Space Exploration Comes down to Earth

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Between 1996 and 2011, Mike Massimino fulfilled his childhood dream of being an astronaut. Like many of his generation, his dream began with the moon landing in 1969. That “One small step for man . . . ” is a deeply embedded memory to those who witnessed it. And for those of us now 50-somethings, as for Massimino, that early encounter with space exploration and technology became an unfinished canvas, full of potential, calling out for completion.

In Spaceman: An Astronaut’s Unlikely Journey to Unlock the Secrets of the Universe, Massimino writes of that pivotal moment. “On that night I said to myself, Nothing else matters. This is it. This is who I want to be.” He continues, “Being an astronaut wasn’t just the coolest thing ever, it was the most important thing you could choose to do with your life. From that moment on, I became obsessed with space in the way that only a young boy can become obsessed.”

The “Unlikely” of its title is the theme of Massimino’s autobiography. This is an against-the-odds story. “A lot of people, when they meet me [and he is ubiquitous across YouTube and has a large following on Twitter], can’t believe I’ve been to space. They say I look like a guy who’d be working at a deli in Brooklyn, handing out cold cuts.”

And so he does. Massimino is personable, down-to-earth and—by all accounts—generous and true; the best everyman one imagines. He is Old World. His grandparents were immigrants from Italy, his father a farmer turned New York Fire Department inspector. From the blue-collar Franklin Square area of the Bronx, to Columbia University, jobs at Sperry and IBM, and finally to MIT for a PhD in mechanical engineering, Massimino achieved far above his expectations. How did he do it? Mostly in spite of himself, he says.

“There were times I felt completely overwhelmed,” he writes. “Going to space had been my dream for so long, sometimes I felt like it might still be a dream. . . . It’s called imposter syndrome, the fear that people are going to figure out that you don’t belong, that you don’t know what you’re doing.”

The motivation to keep going, he shows time and again, came from the encouragement of others. Family, neighbors, teammates, fellow students, professional colleagues and mentors: they all had a role in propelling him forward. His message from cover to cover is simple: if you are surrounded with good people, the sky is literally the limit. Just as Proverbs 18:24 suggests, “Friends come and friends go, but a true friend sticks by you like family” (The Message Bible).

It was that kind of relationship he had seen between his father and the first responders of the fire department; among his teammates when participating in sports and—especially—in the movies he was drawn to that featured astronauts. “The more and more astronauts I met, the more I realized that they were my favorite people of all time,” he writes. “I’d had this fantasy of what astronauts would be like from watching The Right Stuff, the sense of camaraderie and shared purpose. And it turned out that was the reality; if anything, reality exceeded my expectations, and every time I drove in to the Johnson Space Center [in Houston] I had a voice in the back of my head telling me: This is it. I want to be a part of this. I want this more than anything.”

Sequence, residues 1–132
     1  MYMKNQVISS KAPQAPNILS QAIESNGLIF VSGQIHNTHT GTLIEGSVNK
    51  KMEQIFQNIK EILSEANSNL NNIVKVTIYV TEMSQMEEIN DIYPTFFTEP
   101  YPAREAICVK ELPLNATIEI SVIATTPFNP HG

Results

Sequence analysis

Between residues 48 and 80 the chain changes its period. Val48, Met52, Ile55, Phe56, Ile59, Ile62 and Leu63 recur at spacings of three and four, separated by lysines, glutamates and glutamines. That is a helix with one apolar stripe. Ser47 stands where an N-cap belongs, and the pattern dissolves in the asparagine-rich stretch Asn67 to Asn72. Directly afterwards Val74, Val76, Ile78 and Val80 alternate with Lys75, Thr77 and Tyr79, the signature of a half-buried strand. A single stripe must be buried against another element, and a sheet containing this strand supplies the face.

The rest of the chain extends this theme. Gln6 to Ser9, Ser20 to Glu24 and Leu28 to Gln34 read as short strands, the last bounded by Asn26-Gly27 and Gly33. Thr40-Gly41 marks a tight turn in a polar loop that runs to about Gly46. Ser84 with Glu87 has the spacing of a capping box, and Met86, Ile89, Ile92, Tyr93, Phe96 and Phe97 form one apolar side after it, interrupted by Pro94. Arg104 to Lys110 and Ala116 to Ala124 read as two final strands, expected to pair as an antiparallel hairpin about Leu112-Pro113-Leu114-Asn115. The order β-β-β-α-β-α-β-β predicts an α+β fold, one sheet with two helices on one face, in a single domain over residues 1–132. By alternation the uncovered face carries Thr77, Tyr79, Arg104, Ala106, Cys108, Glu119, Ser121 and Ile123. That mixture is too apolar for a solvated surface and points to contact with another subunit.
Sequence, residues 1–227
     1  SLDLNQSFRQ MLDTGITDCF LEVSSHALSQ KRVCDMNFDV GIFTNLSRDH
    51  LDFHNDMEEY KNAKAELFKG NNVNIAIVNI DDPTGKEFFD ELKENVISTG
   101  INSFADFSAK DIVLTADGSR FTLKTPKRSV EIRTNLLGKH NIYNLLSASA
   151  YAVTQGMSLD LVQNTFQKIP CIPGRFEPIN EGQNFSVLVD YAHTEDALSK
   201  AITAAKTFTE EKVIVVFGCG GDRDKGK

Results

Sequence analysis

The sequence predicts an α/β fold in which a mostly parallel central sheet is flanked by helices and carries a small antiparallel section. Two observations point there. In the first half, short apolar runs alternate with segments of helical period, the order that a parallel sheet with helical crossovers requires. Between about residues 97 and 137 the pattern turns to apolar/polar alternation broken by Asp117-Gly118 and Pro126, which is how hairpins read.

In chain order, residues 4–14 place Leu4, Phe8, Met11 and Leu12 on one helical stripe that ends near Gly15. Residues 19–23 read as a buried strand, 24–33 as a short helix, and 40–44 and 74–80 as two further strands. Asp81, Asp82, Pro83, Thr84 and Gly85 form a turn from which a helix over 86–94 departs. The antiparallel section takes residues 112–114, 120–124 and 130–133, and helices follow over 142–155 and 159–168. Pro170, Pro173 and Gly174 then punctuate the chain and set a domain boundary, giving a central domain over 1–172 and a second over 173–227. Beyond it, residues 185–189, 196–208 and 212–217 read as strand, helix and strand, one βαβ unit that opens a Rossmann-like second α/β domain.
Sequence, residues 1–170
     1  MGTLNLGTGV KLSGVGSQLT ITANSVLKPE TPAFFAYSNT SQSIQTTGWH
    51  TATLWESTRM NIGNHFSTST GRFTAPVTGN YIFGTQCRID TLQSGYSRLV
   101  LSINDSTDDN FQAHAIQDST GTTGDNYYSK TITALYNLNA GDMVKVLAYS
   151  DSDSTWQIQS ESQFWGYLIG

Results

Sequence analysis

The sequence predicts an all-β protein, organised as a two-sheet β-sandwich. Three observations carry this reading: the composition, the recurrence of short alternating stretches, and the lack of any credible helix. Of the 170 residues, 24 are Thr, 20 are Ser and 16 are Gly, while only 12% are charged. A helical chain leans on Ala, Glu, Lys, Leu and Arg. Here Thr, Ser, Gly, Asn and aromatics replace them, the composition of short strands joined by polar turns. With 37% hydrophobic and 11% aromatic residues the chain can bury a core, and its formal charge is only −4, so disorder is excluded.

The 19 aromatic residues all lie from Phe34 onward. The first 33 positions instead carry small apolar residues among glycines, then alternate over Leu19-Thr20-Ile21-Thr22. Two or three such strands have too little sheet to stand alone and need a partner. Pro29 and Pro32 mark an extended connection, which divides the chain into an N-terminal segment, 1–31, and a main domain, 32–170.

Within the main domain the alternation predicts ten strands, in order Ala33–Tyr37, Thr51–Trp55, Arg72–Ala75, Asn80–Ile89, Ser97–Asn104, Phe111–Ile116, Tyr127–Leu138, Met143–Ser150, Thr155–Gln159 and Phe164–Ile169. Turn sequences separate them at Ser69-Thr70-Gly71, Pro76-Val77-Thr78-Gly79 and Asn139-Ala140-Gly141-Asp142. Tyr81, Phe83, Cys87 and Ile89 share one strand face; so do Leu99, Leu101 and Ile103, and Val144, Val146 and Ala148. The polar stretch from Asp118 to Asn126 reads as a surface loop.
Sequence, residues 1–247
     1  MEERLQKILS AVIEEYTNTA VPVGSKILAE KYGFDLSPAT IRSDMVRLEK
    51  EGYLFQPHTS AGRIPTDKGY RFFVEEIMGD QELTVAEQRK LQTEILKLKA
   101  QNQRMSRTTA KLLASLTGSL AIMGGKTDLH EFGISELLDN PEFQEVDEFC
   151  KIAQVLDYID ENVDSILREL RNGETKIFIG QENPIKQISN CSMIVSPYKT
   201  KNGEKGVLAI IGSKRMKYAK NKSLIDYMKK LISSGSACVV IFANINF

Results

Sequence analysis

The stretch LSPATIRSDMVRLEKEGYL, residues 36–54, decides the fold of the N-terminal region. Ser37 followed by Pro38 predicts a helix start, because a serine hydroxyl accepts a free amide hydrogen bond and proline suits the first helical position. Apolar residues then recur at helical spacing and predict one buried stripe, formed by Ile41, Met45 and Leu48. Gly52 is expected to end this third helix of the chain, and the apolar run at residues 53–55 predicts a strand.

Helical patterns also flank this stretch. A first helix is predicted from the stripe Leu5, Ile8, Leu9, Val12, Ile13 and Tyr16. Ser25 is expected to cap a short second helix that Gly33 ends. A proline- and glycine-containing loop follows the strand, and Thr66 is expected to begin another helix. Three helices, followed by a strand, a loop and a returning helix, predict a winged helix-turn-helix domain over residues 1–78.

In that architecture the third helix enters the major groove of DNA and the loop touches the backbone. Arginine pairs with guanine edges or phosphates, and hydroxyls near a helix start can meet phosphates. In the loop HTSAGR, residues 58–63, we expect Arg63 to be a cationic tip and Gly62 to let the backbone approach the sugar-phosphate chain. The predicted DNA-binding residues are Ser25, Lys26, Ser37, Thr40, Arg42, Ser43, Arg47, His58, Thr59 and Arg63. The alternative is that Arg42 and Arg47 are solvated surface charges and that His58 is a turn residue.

Bounding hurdle after hurdle and getting up after each fall or setback was possible, he says, because others believed in him. “If you work hard and get help from good friends, together you can overcome almost any challenge, no matter how great,” Massimino writes. “And as I pursued my dream, long after I became an astronaut and even when I was floating by myself 350 miles above the Earth, it was a lesson I would return to again and again and again.”

After being accepted into NASA’s astronaut academy, Massimino trained for six years before his first flight in 2002. This was STS-109, the fourth Hubble telescope repair mission. Seven years later, following the crash of Columbia and the reworking of the shuttle system to improve safety, he flew again on the final visit to Hubble in 2009 on STS-125. In an interview with Massimino following that mission, I commented on the camaraderie that was so evident among the team of astronauts. He explained, “When you’re doing something important that’s hard and has a danger element involved, it really requires people to cooperate and to pull together. Your individualism has to move aside, because you know that’s necessary to succeed.”

Massimino retired from NASA in 2014 and now teaches at his alma mater Columbia. He is back down to earth for good. Even so, he writes, we are all spacemen. “The Earth is a spaceship, and we’re all space travelers.” Likewise, a lesson he takes from the Columbia losses also applies to each of us: “You only have one life,” writes Massimino. “You have to spend it doing something that matters.”

Dan Cloer

 

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Tags: space exploration, science and religion, science and the bible, technology

Science and Religion: Super-Earths, Mega-Earths, and Answers from a Mega-Book